Venezuelan President Nicolas Maduro holds a small copy of the constitution as he gives a speech during the presidential inauguration ceremony in Caracas, Venezuela, Jan. 10, 2019. (Xinhua/Andrea Romero)
Venezuelans were hit with a prolonged nationwide blackout that capped a week of continued strife between the ruling socialist party and the right-wing opposition and its international backers.
The power outage, which the government blamed on sabotage at a central hydroelectric plant, brought cities around the country to a standstill, including the capital Caracas. Schools and offices were closed. Only vital services such as airports and hospitals kept functioning with emergency generators.
Electricity was restored Friday afternoon in at least 10 Caracas districts after 20 hours' outage, and also in several eastern states. However, the capital was hit by another blackout on Saturday.
Venezuelan President Nicolas Maduro on Saturday denounced the new attack on Venezuela's electricity system at a massive rally in Caracas.
He said the government has stepped up efforts to free the national electric company from infiltrators and coup plotters and protect the company from cybernetic and electromagnetic attacks directed by the United States.
The power outage is amid the country's ongoing political tensions, as the West continued to prop up the opposition in a bid to oust Maduro from power.
Political tensions between the government and opposition groups in Venezuela came to a head after Maduro was sworn in to a new term on Jan. 10.
The opposition, which largely boycotted the presidential elections in May last year, refuses to recognize Maduro's re-election victory and anointed a president of its own.
On Wednesday, Venezuela declared German ambassador Daniel Martin Kriener persona non grata and gave him 48 hours to leave the country after the envoy demonstrated his allegiance to the opposition.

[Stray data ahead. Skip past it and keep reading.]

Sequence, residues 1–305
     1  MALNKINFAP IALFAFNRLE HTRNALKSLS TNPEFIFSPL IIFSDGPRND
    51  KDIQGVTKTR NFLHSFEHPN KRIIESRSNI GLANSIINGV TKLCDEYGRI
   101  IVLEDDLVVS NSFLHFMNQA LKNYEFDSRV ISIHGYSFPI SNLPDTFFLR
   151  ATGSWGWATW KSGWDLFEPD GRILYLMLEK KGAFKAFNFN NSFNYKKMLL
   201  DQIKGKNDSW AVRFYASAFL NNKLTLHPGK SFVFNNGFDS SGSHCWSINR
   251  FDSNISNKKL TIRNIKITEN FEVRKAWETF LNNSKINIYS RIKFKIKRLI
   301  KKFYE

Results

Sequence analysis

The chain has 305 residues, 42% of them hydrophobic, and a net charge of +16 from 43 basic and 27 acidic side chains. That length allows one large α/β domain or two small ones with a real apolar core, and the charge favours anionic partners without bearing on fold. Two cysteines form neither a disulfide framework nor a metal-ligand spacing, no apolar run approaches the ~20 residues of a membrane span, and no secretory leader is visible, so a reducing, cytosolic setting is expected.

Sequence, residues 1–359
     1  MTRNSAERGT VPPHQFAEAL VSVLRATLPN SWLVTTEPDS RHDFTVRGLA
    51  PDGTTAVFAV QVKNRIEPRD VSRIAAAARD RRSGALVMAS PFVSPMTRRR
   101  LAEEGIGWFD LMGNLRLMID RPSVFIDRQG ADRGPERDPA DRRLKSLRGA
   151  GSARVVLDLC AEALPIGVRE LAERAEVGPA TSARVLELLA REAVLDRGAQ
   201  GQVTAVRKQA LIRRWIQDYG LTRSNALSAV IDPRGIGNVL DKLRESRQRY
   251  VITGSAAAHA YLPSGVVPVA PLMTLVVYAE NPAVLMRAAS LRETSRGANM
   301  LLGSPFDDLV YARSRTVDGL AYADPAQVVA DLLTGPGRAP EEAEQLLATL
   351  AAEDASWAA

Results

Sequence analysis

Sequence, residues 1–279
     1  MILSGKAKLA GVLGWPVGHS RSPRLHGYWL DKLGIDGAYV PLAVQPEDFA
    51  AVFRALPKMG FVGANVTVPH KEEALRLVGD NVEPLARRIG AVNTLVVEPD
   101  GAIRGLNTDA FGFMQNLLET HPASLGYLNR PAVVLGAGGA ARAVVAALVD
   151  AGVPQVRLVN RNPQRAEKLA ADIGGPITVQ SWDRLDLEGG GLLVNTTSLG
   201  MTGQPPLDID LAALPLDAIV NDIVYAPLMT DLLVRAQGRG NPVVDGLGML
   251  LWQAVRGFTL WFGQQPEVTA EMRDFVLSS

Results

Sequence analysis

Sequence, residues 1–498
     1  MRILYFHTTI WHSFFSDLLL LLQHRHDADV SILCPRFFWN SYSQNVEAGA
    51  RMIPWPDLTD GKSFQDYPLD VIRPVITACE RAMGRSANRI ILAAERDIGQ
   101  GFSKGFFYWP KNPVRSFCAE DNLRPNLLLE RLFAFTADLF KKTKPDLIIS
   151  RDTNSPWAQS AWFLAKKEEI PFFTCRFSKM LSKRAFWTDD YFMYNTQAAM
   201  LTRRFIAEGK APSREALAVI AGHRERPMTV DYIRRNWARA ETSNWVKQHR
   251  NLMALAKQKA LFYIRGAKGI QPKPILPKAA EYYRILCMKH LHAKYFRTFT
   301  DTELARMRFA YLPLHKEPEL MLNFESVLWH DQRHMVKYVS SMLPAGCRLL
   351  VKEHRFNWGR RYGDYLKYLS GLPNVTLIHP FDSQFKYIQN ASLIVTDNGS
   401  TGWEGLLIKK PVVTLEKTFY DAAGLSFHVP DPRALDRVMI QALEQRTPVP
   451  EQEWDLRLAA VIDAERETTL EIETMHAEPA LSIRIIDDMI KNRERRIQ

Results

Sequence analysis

Kriener was among a handful of ambassadors who went to the airport on Monday to welcome opposition leader and self-proclaimed "interim president" Juan Guaido on his return from a tour of Latin American countries that support Venezuela's Washington-backed opposition.
A day later, the White House's special representative for Venezuela, Elliott Abrams, announced the U.S. plans to "expand the net" of sanctions designed to choke off the government's access to financial resources, targeting banks handling transactions for the state.
Military intervention in Venezuela poses quite a challenge, at least initially, according to Reinaldo Iturriza, Venezuela's former minister of culture.
Despite worsening political and economic woes, the government has so far enjoyed the civilian and military support it needs to withstand the pressure.
"There is a military operation against Venezuela in the works, and it failed in its initial stage," Iturriza said.
While "the scenario of a U.S. military intervention or one carried out through the government of Colombia has lost momentum, the option is not off the table yet," he warned.
One of the reasons why direct military intervention lost steam was that the fracture within the Lima Group of hemispheric countries advocating regime change in Venezuela.
"The Lima Group has been rapidly unraveling ... as it is now public that some of the countries that had a very interventionist stance have since distanced themselves from the option of a direct military intervention," said Iturriza.
Still, the Lima Group will probably cooperate with the imposition of economic sanctions.
"It is quite likely that they are going to continue to strangle the national economy in this way," he said.
DIALOGUE HOLDS KEY
Venezuelan political analyst Luis Quintana, who teaches at the Bolivarian Military University of Venezuela, said the key to breaking the impasse would be to give voice to those willing to compromise and mediate.
Quintana highlighted the Montevideo Mechanism for mediation promoted by Uruguay, Mexico and Bolivia, a "regional initiative the government is betting on" to forge a peaceful way out of the crisis.
"The international community must demand that sanctions be lifted and the parties meet for talks, for negotiation," said Iturriza.
"The important thing now is to return to the path of democracy, the path of political dialogue and, fundamentally, let Venezuelans themselves resolve their internal affairs," he added.
The main "challenge that faces all Venezuelan society, including its government, is tackling the economic situation," Iturriza said.
(Video reporters: Zhu Xiaoguang; Video editors: Zhao Xiaoqing, Li Aibin)